In the opening scene a Guerlain flacon goutte makes its appearance, Impossible to say what fragrance it contained: first launched in the 1920s, it has been used to house many eaux de toilette.
The bathroom that needs Alessandro’s intervention as plumber has a very peculiar decor: lots of Guerlain bottles lined up on the marble washbasin countertop. They have a decorative function, because they are filled with colourful liquid and not with perfume.
Most of the bottles are the teardrop-shaped flacons goutte, with shell-shaped stopper. First launched in 1923, it was created to hold the eau de toilette version of the most popular fragrances of the maison.
The taller bottles are flacons abeilles, still used for colognes and eaux de toilette. Originally designed to hold the Eau de Cologne Impériale, it’s decorated with bees, symbol of Napoleon.
There are many Guerlain perfumes on the vanity table of one of Émile’s victims. From left to right:
The classic flacon abeilles contains Eau de Cologne Impériale, a cologne created by Pierre François Pascal Guerlain for Empress Eugenie in 1853.
No way to know what the flacon goutte contains here. This bottle, first launched in the 1920s, has been used for many eaux de toilette.
There’s another flacon abeilles – sans golden bees – containing an eau. The front label is not shown, so it’s impossible to say what eau this is.
The sage green disk on a flacon montre indicates its content: Chypre 53 eau de cologne. The perfume was first released in 1909, but in 1948 it was re-issued as a cologne.
The last bottle is the perfumed deodorant of Chant d’Arômes, a 1962 creation by Jean-Paul Guerlain.
The Canadian actor Jack Merivale took this picture in 1960. He was performing as Armand in the play Duel of Angels by Christopher Fry, along with Vivien Leigh. They were at the Huntington Hartford Hotel in Pasadena during the American tour of the play. They had been partners since 1958: Merivale stayed by Vivien Leigh’s side until her death, in 1967, and supported her during the difficult last years of her life.
The picture above is very interesting. In 1960 Leigh and her second husband Lawrence Olivier divorced, but the actress still kept his pictures on her dressing table. Beauty-wise, there are three perfume bottles worth talking about.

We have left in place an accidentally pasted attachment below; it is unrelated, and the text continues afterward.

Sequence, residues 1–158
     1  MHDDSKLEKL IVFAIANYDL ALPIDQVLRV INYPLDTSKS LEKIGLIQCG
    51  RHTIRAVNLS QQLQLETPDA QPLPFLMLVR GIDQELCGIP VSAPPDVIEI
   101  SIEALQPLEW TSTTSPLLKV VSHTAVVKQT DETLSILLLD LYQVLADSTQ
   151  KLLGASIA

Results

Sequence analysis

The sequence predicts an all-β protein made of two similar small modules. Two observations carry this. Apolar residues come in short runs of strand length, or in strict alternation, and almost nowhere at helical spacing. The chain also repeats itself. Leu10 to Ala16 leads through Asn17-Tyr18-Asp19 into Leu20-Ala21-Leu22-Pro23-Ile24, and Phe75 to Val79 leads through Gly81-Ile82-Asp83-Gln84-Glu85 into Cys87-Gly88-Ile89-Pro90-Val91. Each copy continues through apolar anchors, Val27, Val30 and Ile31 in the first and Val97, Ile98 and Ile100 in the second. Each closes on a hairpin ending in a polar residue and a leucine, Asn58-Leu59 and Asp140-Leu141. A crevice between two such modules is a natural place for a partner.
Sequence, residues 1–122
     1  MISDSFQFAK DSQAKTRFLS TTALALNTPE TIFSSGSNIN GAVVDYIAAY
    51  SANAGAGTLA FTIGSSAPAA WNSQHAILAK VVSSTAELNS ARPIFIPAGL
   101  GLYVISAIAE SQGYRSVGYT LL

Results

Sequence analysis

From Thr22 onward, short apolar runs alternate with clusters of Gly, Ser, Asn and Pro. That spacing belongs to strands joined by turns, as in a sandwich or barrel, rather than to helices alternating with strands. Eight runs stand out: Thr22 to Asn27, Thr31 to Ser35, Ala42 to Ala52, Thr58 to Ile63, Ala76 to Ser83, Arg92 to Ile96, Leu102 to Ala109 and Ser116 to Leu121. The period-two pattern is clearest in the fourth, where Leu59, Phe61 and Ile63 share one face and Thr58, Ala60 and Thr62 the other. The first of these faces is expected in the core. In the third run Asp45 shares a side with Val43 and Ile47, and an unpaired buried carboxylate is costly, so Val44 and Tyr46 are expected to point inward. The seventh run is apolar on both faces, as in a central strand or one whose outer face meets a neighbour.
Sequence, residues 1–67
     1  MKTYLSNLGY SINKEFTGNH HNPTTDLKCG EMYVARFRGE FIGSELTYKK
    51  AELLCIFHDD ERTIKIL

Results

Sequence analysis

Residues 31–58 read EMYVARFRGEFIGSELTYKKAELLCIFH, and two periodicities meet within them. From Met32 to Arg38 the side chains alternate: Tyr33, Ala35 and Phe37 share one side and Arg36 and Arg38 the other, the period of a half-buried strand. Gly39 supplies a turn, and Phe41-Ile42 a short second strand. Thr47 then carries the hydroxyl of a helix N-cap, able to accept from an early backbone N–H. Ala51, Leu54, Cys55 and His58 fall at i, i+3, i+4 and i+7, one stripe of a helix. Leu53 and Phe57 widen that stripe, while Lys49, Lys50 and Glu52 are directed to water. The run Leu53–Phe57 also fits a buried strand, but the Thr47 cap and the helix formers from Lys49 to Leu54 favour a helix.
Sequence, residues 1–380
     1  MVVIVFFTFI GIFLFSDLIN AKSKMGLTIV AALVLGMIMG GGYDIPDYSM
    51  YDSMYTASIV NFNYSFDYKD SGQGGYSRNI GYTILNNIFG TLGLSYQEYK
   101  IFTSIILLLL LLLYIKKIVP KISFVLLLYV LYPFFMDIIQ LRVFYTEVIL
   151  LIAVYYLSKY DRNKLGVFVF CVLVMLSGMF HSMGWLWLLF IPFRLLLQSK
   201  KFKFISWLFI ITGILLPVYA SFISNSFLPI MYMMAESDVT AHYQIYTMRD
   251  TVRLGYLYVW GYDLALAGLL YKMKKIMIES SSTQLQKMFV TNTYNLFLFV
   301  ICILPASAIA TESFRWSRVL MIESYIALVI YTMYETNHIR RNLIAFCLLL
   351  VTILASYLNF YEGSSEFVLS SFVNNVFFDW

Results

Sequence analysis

On the left, right next to the Olivier picture in the silver photoframe, there’s a Guerlain flacon goutte. First introduced in 1923, it was used for over 30 different fragrances, so there’s no way to tell exactly which one was sitting on Leigh’s table.
Beside the flower vase there’s a Dior amphore, designed by Fernand Guéry-Colas in 1947 for Miss Dior. Later, it was used for other Dior scents, like Diorissimo, Diorling, Diorama and Diorella. Again, there’s no way to know which perfume was on Vivien’s table.
Last but not least, the perfume we can identify without any doubt: Joy by Jean Patou, the actress’ signature scent , first given to her as a gift by Olivier.
 Elena Prokofieva wrote an interesting article about the perfumes Leigh used.
The latest music video by Charlotte Gainsbourg – Lying with You, from the album Rest – turns out to be an unexpected perfume lover mecca. Directed by Gainsbourg herself, it’s set in the apartment at 5 bis Rue de Verneuil (Paris) where her father, Serge Gainsbourg, lived. Soon to become a museum, it’s filled with objects that the French artist used and loved; among them, a massive amount of perfumes and toiletries.
In the screencap above, from left to right, there are two refillable atomisers by Guerlain – Chant d’Arômes in the white canister with leaf details and Shalimar with the blue arabesque pattern.Next, there’s a bottle of Estee Lauder Aramis, created in 1966 by Bernard Chant.
The drop-shaped bottle is the flacon goutte by Guerlain. It was used for different perfumes, so it’s impossible to tell which one it contains.
There’s also a bottle of Lancôme Magie Noire, created by Gerard Goupy in 1978.
The last bottle on the far right is the flacon abeilles by Guerlain.
In the screencap above, there’s a bottle of Hermès Doblis, created by Guy Robert and launched in 1955. Next to it, a box of Santa Maria Novella soap: I do believe this is the vintage version of the almond soap.
Serge Gainsbourg’s signature perfume – Van Cleef & Arpels Pour Homme – is featured too. It was created in 1978 by Louis Monnet.
Another shot of the same perfume tray reveals the presence of more Guerlain products.
There’s the refillable atomiser of Eau Impériale.
Plus, four flacons quadrilobes and flacons bouchon coeur.
Lastly, there’s a vintage bottle of Garnier Birkin shampoo (or hair lotion). I wonder if Gainsbourg actually used it or just kept a bottle as a homage to his partner (and Charlotte’s mother) Jane Birkin.
Thanks to Vincent Legrudge for the Guerlain ids.